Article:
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Financial and Monetary Integration in the New Europe

Financial and Monetary Integration in the New Europe

Convergence Between the EU and Central and Eastern Europe

Edited by David G. Dickinson and Andrew W. Mullineux

Potential new entrants to the European Union from Central and Eastern European countries face many challenges to achieve financial convergence with the existing EU nations. Using detailed case studies from Bulgaria, the Czech Republic, Latvia, Lithuania and Poland and analysis of cross country data from these regions, Financial and Monetary Integration in the New Europe looks at the key issues for applicant countries as they negotiate the terms of their membership in the European Union. Of major concern to these countries is the financial sector and its implications for economic growth and the conduct of macroeconomic policy. The book examines, in particular, monetary and exchange rate policies, banking regulation and financial market efficiency. The overall impact of building a market driven financial system on economic development is also explored.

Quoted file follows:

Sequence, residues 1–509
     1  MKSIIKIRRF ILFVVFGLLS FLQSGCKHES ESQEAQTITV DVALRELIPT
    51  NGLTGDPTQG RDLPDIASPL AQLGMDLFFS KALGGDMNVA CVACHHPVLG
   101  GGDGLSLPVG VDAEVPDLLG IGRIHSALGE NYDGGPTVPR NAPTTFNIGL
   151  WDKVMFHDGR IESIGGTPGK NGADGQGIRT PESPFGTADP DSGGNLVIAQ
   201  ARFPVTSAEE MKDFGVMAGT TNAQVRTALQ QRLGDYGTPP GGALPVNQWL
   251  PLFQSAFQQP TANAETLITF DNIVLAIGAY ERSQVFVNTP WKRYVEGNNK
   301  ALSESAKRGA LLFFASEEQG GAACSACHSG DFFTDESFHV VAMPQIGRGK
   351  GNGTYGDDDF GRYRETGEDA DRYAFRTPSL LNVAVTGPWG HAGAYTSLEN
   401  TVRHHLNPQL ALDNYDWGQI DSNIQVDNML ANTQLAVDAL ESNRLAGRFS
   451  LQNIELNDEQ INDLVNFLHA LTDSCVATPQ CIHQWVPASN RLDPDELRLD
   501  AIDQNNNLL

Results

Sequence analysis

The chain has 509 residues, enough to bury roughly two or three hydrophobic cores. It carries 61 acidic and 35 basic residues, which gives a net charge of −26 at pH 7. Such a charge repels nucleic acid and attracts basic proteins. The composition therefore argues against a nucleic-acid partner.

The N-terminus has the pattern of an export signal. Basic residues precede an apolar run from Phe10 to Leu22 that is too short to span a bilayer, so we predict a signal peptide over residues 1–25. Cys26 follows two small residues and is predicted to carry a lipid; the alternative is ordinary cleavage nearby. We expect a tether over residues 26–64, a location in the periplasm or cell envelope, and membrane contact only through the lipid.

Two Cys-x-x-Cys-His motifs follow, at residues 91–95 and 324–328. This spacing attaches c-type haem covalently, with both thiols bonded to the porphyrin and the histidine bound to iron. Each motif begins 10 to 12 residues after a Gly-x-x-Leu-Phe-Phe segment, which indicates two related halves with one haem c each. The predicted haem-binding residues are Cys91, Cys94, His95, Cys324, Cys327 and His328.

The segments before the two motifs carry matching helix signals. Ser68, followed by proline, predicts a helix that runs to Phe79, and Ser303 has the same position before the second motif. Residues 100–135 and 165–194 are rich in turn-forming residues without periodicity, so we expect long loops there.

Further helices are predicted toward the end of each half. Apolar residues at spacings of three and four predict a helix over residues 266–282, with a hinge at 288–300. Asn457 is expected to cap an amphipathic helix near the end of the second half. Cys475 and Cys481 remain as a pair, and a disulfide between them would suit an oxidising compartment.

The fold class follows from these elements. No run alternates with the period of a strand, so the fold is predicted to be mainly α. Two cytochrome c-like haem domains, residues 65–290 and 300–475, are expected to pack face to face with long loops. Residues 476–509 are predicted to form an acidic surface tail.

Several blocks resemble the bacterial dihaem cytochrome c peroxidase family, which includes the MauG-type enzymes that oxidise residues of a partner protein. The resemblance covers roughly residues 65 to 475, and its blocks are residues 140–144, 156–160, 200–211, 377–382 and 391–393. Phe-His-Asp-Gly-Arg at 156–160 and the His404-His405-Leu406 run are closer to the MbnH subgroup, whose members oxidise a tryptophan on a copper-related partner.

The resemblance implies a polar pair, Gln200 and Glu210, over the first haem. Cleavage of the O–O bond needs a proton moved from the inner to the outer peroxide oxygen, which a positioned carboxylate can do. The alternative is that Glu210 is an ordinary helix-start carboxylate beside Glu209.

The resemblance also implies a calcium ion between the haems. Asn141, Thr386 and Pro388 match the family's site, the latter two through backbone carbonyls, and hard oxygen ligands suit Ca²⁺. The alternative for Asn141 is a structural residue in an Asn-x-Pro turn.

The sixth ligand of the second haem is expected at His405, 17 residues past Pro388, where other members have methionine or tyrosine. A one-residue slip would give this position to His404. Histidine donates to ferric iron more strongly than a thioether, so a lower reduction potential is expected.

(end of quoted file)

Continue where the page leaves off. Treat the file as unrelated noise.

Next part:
Chapter 3: The Czech approach to inflation targeting

Miroslav Hrncir and Katerina Smidkova

Subjects: economics and finance, financial economics and regulation


ÿ Miroslav Hrnc’r and Katerina Sm’dkov‡* ÿÿ ÿ INTRODUCING INFLATION TARGETING In December 1997, the Czech National Bank (CNB) announced that it would switch to inflation targeting. After eight years of relying on intermediate targets, this represented a historic change in the strategy of monetary policy. It is worth noting that price stability has always been the ultimate target of Czech monetary policy. However, there were different strategies applied to reaching this long-term target. In the framework of inflation targeting, the inflation targets have been explicitly specified in terms of net inflation derived from consumer price index (CPI) inflation for two time horizons: net inflation to be 6 per cent ±0.5 per cent by the end of 1998 and 4.5 per cent ±1 per cent by the end of the year 2000. (See Figure 3.1.) A Short History The stability of the Czech koruna has been the ultimate monetary policy target of the CNB according to bank law since the very beginning of the bankÕs existence.1 In 1993, the Czech Republic had reached the halfway mark in both the transitional process and the process of disinflation. As a consequence, it was necessary to derive the strategy of monetary policy from some concept of medium-term stability. During 1993Ð97, before switching to inflation targeting, the CNB had used three strategies. All three were based on working with intermediate targets and were to a significant extent affected by the transitional process. For example, instruments were being changed quite often as financial markets progressed from...

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